By GARY ARLEN, TV TECHNOLOGY on November 21, 2014 9:29 am
WASHINGTON—FCC Chairman Tom Wheeler is seeking to put broadband/online video onto a level playing field with cable and satellite carriers—including their relationships and requirements to retransmit broadcast channels.
In a blog posted to the FCC website earlier this month, called “Tech Transitions, Video, and the Future,” Wheeler spelled out his vision for à la carte program or channel delivery as well as giving “Internet video services… access to” broadcast content. The blog is a prelude to a Notice of Proposed Rulemaking (NPRM) that will be another notch on Wheeler’s “Open Internet” agenda.
Although Aereo is never mentioned in Wheeler’s blog, the demise of that wireless Internet service provider is clearly part of the chairman’s impetus. Wheeler’s focus on “Competition, Competition, Competition” coincides with his eagerness “to update video competition rules, so our rules won’t act as a barrier to this kind of innovation.”
Fundamentally, Wheeler wants Internet-delivered video to operate with the same ground rules as cable and satellite TV, especially when it comes to access to broadcast programming. In the acronym-speak of Washington, that means OVPDs (Online Video Program Distributors, i.e. broadband carriers and Internet service providers such as Verizon, Comcast, AT&T, Cox), would be treated the same as MVPDs (multichannel video program distributors, aka Comcast, DirecTV, Time Warner Cable, Cox, Dish).
True to his Democratic roots, Wheeler is looking for a “level playing field” in which Internet TV operators could carry (if they want to) conventional linear broadcast channels. OVPDs would have the same ability to negotiate with broadcasters that DBS got in 1992. His plan does not assure carriage since financial deals would still have to be cut.
He characterized such deals as a 21st century definition for video delivery that is technology-neutral, assuring that IP and wireless broadband video delivery are always in the discussion going forward.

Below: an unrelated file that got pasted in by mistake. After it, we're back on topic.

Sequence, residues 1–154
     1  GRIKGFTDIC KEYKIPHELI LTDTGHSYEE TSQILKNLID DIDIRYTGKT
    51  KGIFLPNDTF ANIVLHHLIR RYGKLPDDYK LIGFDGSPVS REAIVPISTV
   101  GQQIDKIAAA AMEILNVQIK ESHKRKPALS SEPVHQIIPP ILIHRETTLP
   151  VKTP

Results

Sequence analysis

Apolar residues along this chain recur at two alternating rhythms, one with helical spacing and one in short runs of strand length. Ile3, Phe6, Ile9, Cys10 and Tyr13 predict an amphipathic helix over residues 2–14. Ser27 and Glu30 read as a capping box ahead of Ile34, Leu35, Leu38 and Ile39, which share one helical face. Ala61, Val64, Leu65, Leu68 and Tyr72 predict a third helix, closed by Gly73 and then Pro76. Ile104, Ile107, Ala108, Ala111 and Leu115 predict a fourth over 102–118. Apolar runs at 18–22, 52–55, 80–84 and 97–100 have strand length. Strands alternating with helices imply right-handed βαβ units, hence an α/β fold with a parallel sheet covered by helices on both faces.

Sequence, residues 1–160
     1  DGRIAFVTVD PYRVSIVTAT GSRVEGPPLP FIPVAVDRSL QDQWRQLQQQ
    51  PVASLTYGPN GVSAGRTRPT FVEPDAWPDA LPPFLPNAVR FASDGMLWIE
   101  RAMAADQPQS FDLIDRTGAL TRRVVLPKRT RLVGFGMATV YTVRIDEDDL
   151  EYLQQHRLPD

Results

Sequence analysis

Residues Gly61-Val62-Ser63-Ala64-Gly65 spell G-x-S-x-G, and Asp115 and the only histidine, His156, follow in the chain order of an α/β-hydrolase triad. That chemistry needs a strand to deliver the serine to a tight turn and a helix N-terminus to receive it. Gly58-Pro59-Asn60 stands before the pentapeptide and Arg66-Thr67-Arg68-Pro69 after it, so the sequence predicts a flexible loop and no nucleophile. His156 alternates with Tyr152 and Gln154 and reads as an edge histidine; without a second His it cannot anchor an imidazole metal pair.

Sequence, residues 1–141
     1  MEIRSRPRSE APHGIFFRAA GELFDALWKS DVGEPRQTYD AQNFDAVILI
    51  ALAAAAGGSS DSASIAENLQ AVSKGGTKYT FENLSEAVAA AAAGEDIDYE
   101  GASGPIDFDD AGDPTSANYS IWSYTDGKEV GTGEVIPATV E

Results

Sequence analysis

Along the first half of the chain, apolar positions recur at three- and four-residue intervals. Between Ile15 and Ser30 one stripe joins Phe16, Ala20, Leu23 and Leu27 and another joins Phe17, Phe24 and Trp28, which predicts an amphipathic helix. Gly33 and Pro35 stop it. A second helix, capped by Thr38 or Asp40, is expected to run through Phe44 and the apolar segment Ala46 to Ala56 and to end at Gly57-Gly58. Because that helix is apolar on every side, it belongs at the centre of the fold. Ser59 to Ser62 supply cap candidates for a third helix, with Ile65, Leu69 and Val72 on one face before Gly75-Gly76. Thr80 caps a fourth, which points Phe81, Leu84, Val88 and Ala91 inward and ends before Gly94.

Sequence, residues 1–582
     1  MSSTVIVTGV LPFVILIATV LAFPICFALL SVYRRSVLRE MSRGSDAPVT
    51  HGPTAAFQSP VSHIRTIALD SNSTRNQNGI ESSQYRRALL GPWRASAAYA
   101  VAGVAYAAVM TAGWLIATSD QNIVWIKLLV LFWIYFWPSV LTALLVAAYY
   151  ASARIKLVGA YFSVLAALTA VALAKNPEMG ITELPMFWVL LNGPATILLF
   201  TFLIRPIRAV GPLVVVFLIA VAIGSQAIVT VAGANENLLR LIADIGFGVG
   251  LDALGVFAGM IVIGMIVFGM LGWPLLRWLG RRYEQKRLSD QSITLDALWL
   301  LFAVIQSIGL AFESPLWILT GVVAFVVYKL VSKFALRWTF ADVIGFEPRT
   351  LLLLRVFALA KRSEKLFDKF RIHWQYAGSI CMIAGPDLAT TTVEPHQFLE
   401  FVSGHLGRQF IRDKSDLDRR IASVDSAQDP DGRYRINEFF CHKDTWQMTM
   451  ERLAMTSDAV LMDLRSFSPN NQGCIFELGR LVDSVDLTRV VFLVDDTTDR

Wheeler’s blog and NPRM vision could also set the stage to crack down on cable operators if they start to abandon their current linear channel/tiers structure and migrate “their” networks to the broadband platform, which might enable more à la carte channels or shows. One way to look at Wheeler’s blog is as a warning message to cable companies: If they try to do something like that (focus on their role as OVPDs), the FCC will not tolerate such bad behavior.
Not surprisingly, the National Cable & Telecommunications Association (which Wheeler headed three decades ago) was among the first to snap back with warnings about “profound” implications for government to extend regulation to Internet video services. NCTA challenged whether “any would-be virtual MVPDs will meet their ‘social compact’ obligations.”
CTIA: The Wireless Association (which Wheeler headed from 1992–2004) did not issue a statement. Most other reactions so far have taken a “wait for the NPRM” stance. For example, in response to Wheeler’s proposal for online video distribution, NAB issued a pro-forma acknowledgement:
“NAB welcomes video distribution platforms that legally deliver local TV content to consumers when and where they want it. We look forward to engaging with the FCC to ensure that this new competition enhances rather than undermines localism.”
NET NEUTRALITY PART OF THE MIX
Some analysts focused on Wheeler’s intent to break the cable industry’s long-standing resistance to à la carte programming, which OVPDs could do. Wheeler’s tone seems to be that the FCC will not look kindly if MSOs try to stymie competition by moving content to broadband. This will get into some sticky policy issues, especially with program distribution contracts that restrict how shows that are scheduled/contracted for linear delivery can be used in video-on-demand situations. The problem gets even more complicated with vertical integration, notably Comcast and its NBCU networks.
Coming on the heels of recent video streaming announcements from CBS, HBO and other networks, Wheeler’s stance appears to encourage such over-the-top delivery strategies. Since PBS, Disney/ABC, Hulu, CNN and other networks are already offering their content via various online platforms, Wheeler’s blog is a further endorsement of the multiplatform future.
By invoking his Open Internet agenda several times within the blog, Wheeler offered a reminder that related issues—notably net neutrality—will be part of the upcoming discussion in the NPRM. The OVPD issue will also be woven into the spectrum auction debate, since the wireless carriers who win those airwaves will most likely use some of the bandwidth to transmit online video.
Wheeler will have barely two years to push his Open Internet agenda through the commission, including the inevitable follow-up court suits and legal battle.
The blog (http://www.fcc.gov/blog/tech-transitions-video-and-future)—worth reading for its historical perspective and its insights into the chairman’s goals—is the opening statement in the next battle about the future of TV, as well as the outlook for the Internet.
Gary Arlen is president of Arlen Communications LLC, a Bethesda, MD research and consulting firm.